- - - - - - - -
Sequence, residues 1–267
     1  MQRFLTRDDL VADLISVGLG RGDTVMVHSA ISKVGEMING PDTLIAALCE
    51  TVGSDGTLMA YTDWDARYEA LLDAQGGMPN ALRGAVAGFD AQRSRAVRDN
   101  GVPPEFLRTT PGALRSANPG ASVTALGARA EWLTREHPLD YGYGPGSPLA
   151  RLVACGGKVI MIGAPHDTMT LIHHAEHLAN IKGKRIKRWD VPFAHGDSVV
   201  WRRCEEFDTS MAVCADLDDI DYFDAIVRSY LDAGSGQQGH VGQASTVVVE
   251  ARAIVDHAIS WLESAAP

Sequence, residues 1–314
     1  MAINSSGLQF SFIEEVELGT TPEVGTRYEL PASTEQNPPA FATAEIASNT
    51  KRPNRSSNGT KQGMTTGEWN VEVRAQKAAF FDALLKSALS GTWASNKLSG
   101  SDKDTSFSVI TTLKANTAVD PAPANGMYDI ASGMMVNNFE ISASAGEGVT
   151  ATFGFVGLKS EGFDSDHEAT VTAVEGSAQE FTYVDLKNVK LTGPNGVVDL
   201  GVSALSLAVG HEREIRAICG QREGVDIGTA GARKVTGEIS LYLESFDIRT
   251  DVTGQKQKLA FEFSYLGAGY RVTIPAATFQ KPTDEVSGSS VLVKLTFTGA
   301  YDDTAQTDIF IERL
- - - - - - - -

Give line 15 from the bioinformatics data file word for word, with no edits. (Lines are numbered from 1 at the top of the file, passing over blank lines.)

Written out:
   301  YDDTAQTDIF IERL